BLOG 5/4/16. CONVENIENT CHRISTIANITY, … OR “COME AND DIE!”
There is so much popular confusion, and so many misconceptions about the essence of Christianity in the popular mind, but more disturbingly also inside of too much of institutional Christianity. In a period of popular and political unrest in Germany almost a century ago (much like ours in the United States today), a charismatic leader emerged with a platform of restoring Germany to greatness, and swayed great crowds with the message. Part of his campaign strategy was to also co-opt the Christian church, so that to be a true ‘German Christian’ you would naturally support his agenda uncritically. The tragedy was that so much of the church did not really understand that the agenda of Jesus Christ and of the Kingdom of God which were totally at odds with the political agenda of that German leader. The small (and outlawed) witnessing church of Germany became an underground protest movement, and its primary leader, one Dietrich Bonhoeffer, became one of the clearest thinking Christian theologians of the last century. While he was emerging as an incredibly lucid and compelling teacher of the Christian faith, the majority of the German church was quite captive to the agenda of the popular political leader. They were what Bonhoeffer designated as religious Christianity, i.e., a counterfeit of true Christianity. (This, by the way, is all wonderfully spelled out in Bonhoefer’s classic The Cost of Discipleship).
Bonhoeffer was uncompromising in his insistence of how radical was the difference between the convenient and conformed popular counterfeit Christianity and the teachings of Christ. “When Jesus calls a man, he bids him come and die!” This message needs to be heralded today given the popular confusion over what the press designates as ‘evangelical Christians’ as a synonym for those politically wedded to a political agenda quite at odds with the radically transforming agenda of Jesus Christ and of the New Creation that he inaugurated.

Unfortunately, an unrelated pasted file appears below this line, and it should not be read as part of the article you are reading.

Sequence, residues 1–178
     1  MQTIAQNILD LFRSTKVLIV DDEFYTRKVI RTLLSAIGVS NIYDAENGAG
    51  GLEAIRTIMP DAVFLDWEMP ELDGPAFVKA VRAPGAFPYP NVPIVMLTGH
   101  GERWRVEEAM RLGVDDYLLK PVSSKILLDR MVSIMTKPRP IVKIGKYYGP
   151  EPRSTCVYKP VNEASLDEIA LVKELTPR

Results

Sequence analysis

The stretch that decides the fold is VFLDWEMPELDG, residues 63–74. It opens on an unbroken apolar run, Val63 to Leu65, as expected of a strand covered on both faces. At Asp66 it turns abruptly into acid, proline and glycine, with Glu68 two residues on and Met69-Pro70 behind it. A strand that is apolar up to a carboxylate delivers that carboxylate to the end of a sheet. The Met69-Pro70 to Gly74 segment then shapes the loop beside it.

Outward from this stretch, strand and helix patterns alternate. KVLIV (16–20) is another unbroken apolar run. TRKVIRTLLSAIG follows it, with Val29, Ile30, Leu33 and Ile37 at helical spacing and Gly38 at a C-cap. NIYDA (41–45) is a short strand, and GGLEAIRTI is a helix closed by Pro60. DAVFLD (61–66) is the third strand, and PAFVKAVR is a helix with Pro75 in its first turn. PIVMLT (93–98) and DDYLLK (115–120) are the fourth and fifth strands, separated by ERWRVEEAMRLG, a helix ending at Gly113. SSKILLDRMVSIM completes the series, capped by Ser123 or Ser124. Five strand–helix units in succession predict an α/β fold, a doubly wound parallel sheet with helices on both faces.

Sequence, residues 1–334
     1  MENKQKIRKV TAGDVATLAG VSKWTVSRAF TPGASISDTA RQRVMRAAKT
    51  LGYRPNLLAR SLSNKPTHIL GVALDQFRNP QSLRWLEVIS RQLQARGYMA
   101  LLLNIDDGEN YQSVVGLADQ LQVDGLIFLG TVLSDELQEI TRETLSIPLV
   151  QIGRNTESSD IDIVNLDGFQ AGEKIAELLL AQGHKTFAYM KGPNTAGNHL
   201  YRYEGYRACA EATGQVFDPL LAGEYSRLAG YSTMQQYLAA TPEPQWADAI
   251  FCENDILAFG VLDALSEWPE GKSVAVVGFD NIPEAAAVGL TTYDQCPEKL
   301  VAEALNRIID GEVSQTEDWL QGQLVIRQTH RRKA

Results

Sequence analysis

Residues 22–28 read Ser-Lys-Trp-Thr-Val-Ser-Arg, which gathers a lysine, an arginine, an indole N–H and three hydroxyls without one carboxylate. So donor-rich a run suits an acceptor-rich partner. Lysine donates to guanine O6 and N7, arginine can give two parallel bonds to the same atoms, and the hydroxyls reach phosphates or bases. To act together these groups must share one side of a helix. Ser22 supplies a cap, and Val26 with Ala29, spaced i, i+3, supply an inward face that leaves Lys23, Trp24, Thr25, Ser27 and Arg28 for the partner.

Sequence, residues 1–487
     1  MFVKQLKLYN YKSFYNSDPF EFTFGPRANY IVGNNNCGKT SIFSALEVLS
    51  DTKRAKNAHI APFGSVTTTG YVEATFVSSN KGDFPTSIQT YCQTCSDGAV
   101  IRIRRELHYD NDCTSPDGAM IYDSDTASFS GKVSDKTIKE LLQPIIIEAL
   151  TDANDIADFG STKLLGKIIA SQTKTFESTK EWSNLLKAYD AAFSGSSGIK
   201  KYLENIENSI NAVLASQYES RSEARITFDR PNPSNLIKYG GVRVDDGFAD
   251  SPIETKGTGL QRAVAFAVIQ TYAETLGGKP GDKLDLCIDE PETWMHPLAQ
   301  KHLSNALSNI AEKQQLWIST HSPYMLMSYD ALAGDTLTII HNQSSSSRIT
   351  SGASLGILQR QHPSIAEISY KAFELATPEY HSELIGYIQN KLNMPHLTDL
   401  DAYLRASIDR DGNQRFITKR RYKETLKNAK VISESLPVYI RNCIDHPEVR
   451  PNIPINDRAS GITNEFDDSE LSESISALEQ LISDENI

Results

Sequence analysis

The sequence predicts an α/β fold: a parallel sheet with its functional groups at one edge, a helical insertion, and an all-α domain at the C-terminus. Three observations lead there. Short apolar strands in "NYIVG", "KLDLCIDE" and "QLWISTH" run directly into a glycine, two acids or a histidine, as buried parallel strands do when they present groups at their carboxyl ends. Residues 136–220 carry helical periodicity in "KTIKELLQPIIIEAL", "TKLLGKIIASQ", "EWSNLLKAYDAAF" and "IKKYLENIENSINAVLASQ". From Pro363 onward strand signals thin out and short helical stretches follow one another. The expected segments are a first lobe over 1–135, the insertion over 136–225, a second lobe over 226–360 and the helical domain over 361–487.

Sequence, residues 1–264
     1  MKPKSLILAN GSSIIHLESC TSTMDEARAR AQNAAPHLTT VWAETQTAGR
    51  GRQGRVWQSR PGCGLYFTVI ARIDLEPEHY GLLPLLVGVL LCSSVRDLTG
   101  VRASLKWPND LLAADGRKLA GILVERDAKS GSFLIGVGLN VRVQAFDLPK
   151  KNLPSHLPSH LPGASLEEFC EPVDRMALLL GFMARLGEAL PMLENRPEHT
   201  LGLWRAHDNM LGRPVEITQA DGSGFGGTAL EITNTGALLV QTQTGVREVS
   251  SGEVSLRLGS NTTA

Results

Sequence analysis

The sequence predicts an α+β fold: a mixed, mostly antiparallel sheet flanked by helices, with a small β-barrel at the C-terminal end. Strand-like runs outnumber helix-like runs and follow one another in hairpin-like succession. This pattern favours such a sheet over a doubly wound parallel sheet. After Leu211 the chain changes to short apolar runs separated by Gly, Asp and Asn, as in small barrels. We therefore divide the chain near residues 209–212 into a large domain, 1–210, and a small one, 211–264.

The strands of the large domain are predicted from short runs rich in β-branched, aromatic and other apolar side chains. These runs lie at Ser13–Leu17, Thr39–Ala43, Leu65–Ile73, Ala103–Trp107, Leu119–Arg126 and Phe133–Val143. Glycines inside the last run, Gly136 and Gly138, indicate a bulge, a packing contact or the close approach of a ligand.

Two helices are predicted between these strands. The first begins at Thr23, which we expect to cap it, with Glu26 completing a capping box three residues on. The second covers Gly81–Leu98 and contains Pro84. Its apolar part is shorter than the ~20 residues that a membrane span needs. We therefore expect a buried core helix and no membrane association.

And the problem behind the problem is careless church leadership that is either ignorant of the issue, or is intimidated by it, or whatever, … but the church has not taken seriously equipping each one of its baptized members into maturity in their conformity to Christ and to his mission. There is no such thing as passive membership. There is a clarion call to not be conformed to the world but to be transformed by the renewing of one’s mind in order to demonstrate what is the will of God. Jesus, himself, told those who would follow him that there was an absolutely all-consuming decision to be made: “If anyone would come after me, let him take up is cross (i.e., his/her willingness to die for me and my mission) and follow me. For whoever would save his life will lose it, but whoever loses his life for my sake will save it.”
In the classical tradition of the Christian faith the very act of baptism is a deliberate act of will by which one forsakes all other lords and loyalties and embraces without reservation that Jesus is his/her one true Lord, and that a life of obedient discipleship to Jesus now becomes the center and focus of one’s life. It is a renunciation of the dominion of darkness in all of its forms of economic and political principalities and powers. This has always made God’s people to be both a radical presence and a healing source of true humanity, of hope, and love and justice—at the same time often being a disruptive presence.
The true Christian church is not a comfort-zone community, but rather is a colony of God’s transforming gospel of peace. It cost Bonhoeffer his life, as it has so many others. One dare not identify oneself as a Christian without pondering the enormous difference between human religions … and the demanding and transformational calling by Jesus into his New Humanity that operates on a whole different wave-length. And what is my source for such statements? Try the four gospels of the New Testament for starts. Then ponder the lives and witness of all of the prophets and martyrs over the centuries—and especially don’t overlook Bonhoeffer’s opposition to one of the most powerful political forces of the last century. It’s very instructive.